Guide to climate conversations

Extreme Weather Stories
7 min readSep 21, 2021

We in Climate Museum UK, wrote this guide to support conversations about climate and ecology in the lead-up to COP15 on Biodiversity in October, and COP26 on Climate in Glasgow in November.

They were released in time for the upcoming Great Big Green Week, Climate Fringe Week, and also the Global Climate Strike on 24th September. These follow on from two weeks of Extinction Rebellion’s Impossible Revolution in August and a summer of extreme weather. As this guide will be helpful to anyone wanting to draw out or explore extreme weather stories, it’s shared here too.

Ideas for Creative Climate Conversations

“The reason why, I think, we have a pervasive environmental melancholia is directly related to the fact that we’re not really talking about this.” Dr Renee Lertzman

You may want to think about the setting and experience. We’ve found that conversations on this topic can sometimes fall flat or go into awkward places, so we try to create ease or connection with activities like games, handling objects or making objects with clay. See above images from our Wild Museum activity (animal curators show collections about our extractive past, and participants make regenerative objects from clay), and a workshop using found objects to explore climate narratives.

If you’d like to organise a live activity with one of our creative facilitators, get in touch on If you’re in Lewisham, we still have capacity to offer 2 workshops for school, youth and community groups to have Creative Climate Conversations.

Or, simply set up a conversation experience yourself, whether with groups or individuals, in an organised or more casual way, with strangers or friends. Below are some ideas you could use. Please remember to credit Climate Museum UK if you use them in a public setting.

1 — Words and Terms

The term ‘Earth crisis’ is used here as shorthand for the climate and ecological emergency. In CMUK, we don’t generally talk about climate in isolation from environmental damage caused, for example, by deforestation or pollution. This damage worsens the impacts of climate breakdown, and in turn, ecosystems are seriously harmed by climate impacts.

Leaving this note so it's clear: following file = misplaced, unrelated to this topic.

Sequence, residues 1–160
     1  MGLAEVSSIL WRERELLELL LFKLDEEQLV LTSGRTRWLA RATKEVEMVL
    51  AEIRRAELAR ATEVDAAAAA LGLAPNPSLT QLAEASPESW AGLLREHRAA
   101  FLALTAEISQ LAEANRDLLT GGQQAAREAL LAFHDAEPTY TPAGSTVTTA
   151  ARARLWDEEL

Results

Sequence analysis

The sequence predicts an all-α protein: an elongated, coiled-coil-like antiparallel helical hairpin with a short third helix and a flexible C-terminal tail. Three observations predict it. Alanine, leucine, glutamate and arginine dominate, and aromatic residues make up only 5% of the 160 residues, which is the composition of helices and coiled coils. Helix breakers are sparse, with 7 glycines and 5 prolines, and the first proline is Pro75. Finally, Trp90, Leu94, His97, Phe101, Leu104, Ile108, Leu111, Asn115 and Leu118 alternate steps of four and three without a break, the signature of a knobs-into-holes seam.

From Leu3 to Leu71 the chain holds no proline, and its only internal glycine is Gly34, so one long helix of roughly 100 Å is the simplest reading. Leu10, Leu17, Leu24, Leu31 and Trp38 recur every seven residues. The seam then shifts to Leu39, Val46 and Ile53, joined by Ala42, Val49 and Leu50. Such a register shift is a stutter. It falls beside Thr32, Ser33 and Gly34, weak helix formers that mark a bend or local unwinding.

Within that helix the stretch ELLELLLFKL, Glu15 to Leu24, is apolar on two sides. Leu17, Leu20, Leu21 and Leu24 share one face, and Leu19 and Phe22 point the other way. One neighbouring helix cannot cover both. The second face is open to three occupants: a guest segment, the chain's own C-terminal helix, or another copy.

You could start a conversation by asking: when I say Earth crisis, what does it mean for you? What terms do you use and what do they mean for you?

Did you find that talking abstractly about words helped people feel comfortable? Maybe from here you can move on to more emotional questions.

2 — Facing the Crisis

One of our activities is to invite participants to make an artwork or piece of writing to think about the Earth crisis as a whole, to help them visualise and face it.

You could work with people by asking them: How do you picture the Earth crisis?

Talk them through this: Start with visualising: Is it outside of you, or inside of you? How big is it? Is it solid, or not? Is it textured? What sound(s) does it make? Is there a smell, or smells? What feelings does it bring about in your body? Now you’ve explored these sensory prompts, you could try to put it into an image or words.

The drawings or descriptions can then be shared to a group or swapped in pairs to reflect on different ways of seeing the crisis.

To prepare or follow up for this activity, you could learn more about the psychological mechanisms people use to cope with the Earth crisis. See our work on Climate Coping Strategies here. See also these great resources from Letters to the Earth on how to run a successful creative session that includes exploring your climate emotions.

3 — Greenhushing

You might have heard the phrase ‘greenwashing’, about marketing spin to make organisations seem more sustainable. But there’s also ‘greenhushing’, keeping quiet about the Earth crisis, including your positive efforts to tackle it, because the subject is not acceptable or relevant.

Invite people to open up by asking: What do you hush up? When and why does that happen? If you could speak proudly about it, what would you say?

If you’re doing this in a group activity, you could also invite people to sing or use a drum, to make noise as part of an attempt to stop the hush.

4 — Exploring Tipping Points